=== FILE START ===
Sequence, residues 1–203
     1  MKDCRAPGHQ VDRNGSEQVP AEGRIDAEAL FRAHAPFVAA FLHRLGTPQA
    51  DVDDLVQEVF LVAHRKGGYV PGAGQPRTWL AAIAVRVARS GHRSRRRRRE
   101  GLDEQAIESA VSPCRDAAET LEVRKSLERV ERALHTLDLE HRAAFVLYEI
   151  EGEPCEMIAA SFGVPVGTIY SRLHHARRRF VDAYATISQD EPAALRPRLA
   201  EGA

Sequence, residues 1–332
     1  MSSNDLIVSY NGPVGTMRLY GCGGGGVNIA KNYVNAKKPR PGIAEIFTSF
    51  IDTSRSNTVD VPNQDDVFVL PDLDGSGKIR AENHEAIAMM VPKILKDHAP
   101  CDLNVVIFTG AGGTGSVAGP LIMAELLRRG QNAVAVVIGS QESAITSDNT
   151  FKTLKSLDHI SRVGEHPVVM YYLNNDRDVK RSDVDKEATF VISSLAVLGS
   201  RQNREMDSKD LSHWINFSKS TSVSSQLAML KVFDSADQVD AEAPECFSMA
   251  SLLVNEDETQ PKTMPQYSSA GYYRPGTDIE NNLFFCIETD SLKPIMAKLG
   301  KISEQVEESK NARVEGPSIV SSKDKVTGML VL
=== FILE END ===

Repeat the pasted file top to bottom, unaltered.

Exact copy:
Sequence, residues 1–203
     1  MKDCRAPGHQ VDRNGSEQVP AEGRIDAEAL FRAHAPFVAA FLHRLGTPQA
    51  DVDDLVQEVF LVAHRKGGYV PGAGQPRTWL AAIAVRVARS GHRSRRRRRE
   101  GLDEQAIESA VSPCRDAAET LEVRKSLERV ERALHTLDLE HRAAFVLYEI
   151  EGEPCEMIAA SFGVPVGTIY SRLHHARRRF VDAYATISQD EPAALRPRLA
   201  EGA

Sequence, residues 1–332
     1  MSSNDLIVSY NGPVGTMRLY GCGGGGVNIA KNYVNAKKPR PGIAEIFTSF
    51  IDTSRSNTVD VPNQDDVFVL PDLDGSGKIR AENHEAIAMM VPKILKDHAP
   101  CDLNVVIFTG AGGTGSVAGP LIMAELLRRG QNAVAVVIGS QESAITSDNT
   151  FKTLKSLDHI SRVGEHPVVM YYLNNDRDVK RSDVDKEATF VISSLAVLGS
   201  RQNREMDSKD LSHWINFSKS TSVSSQLAML KVFDSADQVD AEAPECFSMA
   251  SLLVNEDETQ PKTMPQYSSA GYYRPGTDIE NNLFFCIETD SLKPIMAKLG
   301  KISEQVEESK NARVEGPSIV SSKDKVTGML VL